Cisco queueing with priority percentage


Limp Gawd
Apr 12, 2002
Im not sure if Im configuring my policy-map correctly using the
"bandwidth remaining percent" config.

Assuming Ive got an access line of 1984K and the following policy-map:

policy-map qos-serial-out
class qos_routing
bandwidth remaining percent 5
class qos_voice
priority 680
class qos_priority-data
bandwidth remaining percent 20
class qos_non-priority-data
bandwidth remaining percent 39
random-detect dscp-based
class class-default
bandwidth remaining percent 1

Should percentages add up to 100%? Meaning 1984k- 680k = 1304K remaining and then
divy up that 1304K?

Bean Dip

Limp Gawd
Feb 28, 2004
I have never seen the "remaining" percent command so don't throw anything at me if my answer sucks.

It has been a while for me but I would drop the "remaining" and set the percent of how much each class gets. Then default takes up the remaining % so no you don't have add to 100.

Also you have a class defined for qos_non-priority-data but that is what the default class is for. Basically default is anything does does not match any defined policy.

With a 2 Mb line do you really need QoS?


Limp Gawd
Sep 26, 2004
Looking ok here.

Couple things:

put your voice class on top in your policy map (router processes line by line)

I believe default max-reserved-bandwidth is 75% (unless changed)

so right away you are looking at:

1488K that you can allocate bandwidth to (75% of 1984). All non classified traffic (class-default) will have 496K (1984-1488).

priority 680 for voice (max bandwidth) leaves you with:

1488-680= 808 for other defined classes

I would put my remaining percents in decending order

39 % of 808 = 315K for non priority
20% of 492= 98.6K for priority
5% of 393.4 = 19.67K for router

373.73 remaining bandwidth

1% of 373 = 3.73 K for non matching traffic (class-default)

So basically you end up with 370K that can be used by the other classes, or future classes... All classes except for voice can use remaining bandwidth (priority is max bandwidth using policer) because bandwidth states min guarantee. That being said, I wouldn't normally use a bandwidth statement on the default class since it's getting 25% or 496 K right away... Are you sure you've classifed all your traffic well enough to want to leave a 1% min? I would take off the bandwidth statement on the class-default or raise max-reserved-bandwidth (not a good idea in some cases). I wouldn't use a bandwidth for the class-default. Just make sure you set good mins for classified and you should be fine. If you've got scavenger traffic you want to minimize (kazaa) just police it or drop it. Try using NBAR for this. Also, maybe add fair-queue to the class-default. If not, then no reason to include it since unmatched traffic gets 25% of original. If you get really congested, life is going to suck for the unclassified traffic!!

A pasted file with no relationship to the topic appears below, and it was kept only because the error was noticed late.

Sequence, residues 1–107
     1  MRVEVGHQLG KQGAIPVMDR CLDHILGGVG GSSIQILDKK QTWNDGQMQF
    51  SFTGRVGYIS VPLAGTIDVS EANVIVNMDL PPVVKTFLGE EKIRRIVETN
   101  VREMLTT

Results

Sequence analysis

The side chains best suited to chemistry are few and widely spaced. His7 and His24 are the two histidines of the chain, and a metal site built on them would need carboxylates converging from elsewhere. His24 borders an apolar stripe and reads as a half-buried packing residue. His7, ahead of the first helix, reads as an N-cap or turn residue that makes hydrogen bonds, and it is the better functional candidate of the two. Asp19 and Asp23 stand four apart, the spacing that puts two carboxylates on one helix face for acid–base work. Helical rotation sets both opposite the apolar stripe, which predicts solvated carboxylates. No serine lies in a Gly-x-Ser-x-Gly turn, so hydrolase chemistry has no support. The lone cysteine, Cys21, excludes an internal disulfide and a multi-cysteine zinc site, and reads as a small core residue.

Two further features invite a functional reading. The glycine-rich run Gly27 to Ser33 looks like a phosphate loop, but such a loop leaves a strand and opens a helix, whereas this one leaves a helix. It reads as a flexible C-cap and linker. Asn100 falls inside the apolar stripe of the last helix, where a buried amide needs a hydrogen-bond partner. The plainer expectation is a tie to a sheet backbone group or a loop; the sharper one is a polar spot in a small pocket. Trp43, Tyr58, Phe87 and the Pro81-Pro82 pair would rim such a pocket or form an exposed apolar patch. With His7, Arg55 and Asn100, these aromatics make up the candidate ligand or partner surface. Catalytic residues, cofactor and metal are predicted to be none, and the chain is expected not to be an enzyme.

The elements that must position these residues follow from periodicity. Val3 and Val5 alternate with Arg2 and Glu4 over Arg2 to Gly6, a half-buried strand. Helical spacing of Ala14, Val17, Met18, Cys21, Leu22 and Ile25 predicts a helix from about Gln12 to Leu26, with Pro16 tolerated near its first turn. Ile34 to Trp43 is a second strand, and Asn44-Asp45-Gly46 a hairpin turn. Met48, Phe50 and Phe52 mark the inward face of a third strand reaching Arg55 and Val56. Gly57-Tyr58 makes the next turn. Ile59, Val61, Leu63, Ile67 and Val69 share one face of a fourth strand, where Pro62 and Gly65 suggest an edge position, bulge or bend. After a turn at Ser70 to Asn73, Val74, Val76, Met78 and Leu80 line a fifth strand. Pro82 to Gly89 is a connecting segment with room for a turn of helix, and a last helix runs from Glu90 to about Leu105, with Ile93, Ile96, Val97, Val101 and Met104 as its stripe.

It's late, but I think this is right. Using bandwidth remaining works just fine, and sometimes makes it easier when you change bandwidth statements down the road....

Oh and there is always a need for QoS. 2Mb isn't that much when you consider the aggregate traffic from the LAN. Even a simple policy to put voice in a LLQ does wonders.

Only in a perfect world where Queueing delays don't occur is QoS not needed.